A good idea is a good idea. The Eagles don’t care where it comes from.
That selfless approach from Doug Pederson and the rest of the Eagles’ coaching staff has served the team well over the last few years.
And it paid off in Sunday’s scrappy 25-22 win over the Giants.
• The offensive line told Pederson they wanted to run the ball more. He listened.
• Malcolm Jenkins and others asked Jim Schwartz to simplify things schematically. He listened.
The Eagles made those in-game adjustments that allowed them to come back from a 16-point deficit, not just because it was the right thing to do on the football field, but because when players have a say, they feel a sense of ownership with the team.
“Yeah, because I encourage the guys to speak up,” Pederson said. “If they see something, say something. Again, as coaches, we definitely have the final say, but at the same time, I think it builds a healthy chemistry with your team.”
That’s one of the reasons this team will never give up on its head coach.
Where some coaches are “my way or the highway,” Pederson listens to his assistants and even his players. It doesn’t always mean he’ll do what they want, but at least players have a voice. Think about this: When Carson Wentz runs a play he brought with him from North Dakota State, think he feels some responsibility for it to work?
When the O-line calls to run the ball, they better be able to hold their blocks, right? When the defense asks to simplify, those players better play fast.
It creates an environment where the players are completely bought in because they’re not just pawns in the game. They're a part of a decision-making process, even if it’s just a small part.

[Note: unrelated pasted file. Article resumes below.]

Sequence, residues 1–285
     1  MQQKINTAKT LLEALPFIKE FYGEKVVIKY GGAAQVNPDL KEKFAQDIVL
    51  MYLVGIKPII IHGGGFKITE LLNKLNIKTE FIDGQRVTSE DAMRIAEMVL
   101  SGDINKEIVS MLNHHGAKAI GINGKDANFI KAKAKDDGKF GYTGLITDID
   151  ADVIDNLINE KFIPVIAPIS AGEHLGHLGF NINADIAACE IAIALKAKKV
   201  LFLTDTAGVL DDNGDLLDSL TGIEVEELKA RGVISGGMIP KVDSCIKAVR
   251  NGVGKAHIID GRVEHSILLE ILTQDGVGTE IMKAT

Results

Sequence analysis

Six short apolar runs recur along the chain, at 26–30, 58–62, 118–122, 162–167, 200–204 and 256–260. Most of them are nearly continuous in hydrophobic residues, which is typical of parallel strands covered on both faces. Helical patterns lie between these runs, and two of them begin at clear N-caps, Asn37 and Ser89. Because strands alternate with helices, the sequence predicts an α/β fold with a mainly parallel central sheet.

This means something to Pederson:
“I think it's important from the standpoint of these guys are playing. These guys are out on the field. They're seeing it at real speed, just like we are, but at the same time, if they see something — we're always asking for feedback and dialogue and communication. I think that's makes what we do special.
“As coaches, we take it and we listen to them. We can make adjustments during the game. Even when it doesn't come out publicly, there is always that conversation after a series or two or three. There is always that dialogue on the sideline. It just so happens that it was kind of evident yesterday that that was the case.”
After the blowout loss to the Saints last week, Jenkins called out his teammates for what he perceived to be a lack of fight when they were getting their butts whooped in New Orleans. Even if they lost Sunday, he wouldn’t have been able to do that. The Eagles clawed their way back into that game.
When the Giants went up 19-3 after Saquon Barkley’s 51-yard touchdown run in the first half, I kind of thought they were dead and I wasn’t the only one. A lot of teams would have folded in that situation, but these Eagles kept playing and that’s a huge credit to Pederson.
After the game, Odell Beckham Jr. questioned Giants coach Pat Shurmur’s plan. He thought they should have attacked the Eagles’ inexperienced corners more, which would have made sense. I couldn’t help but think if Beckham was on the Eagles’ roster and told Pederson, he would have listened.
Pederson said he was “a little more mobile” during the Giants game, meaning he roamed the sideline more than he normally would, talking to his players. After all, Pederson's a players coach. And when the Eagles absolutely needed it to pay off, it did.
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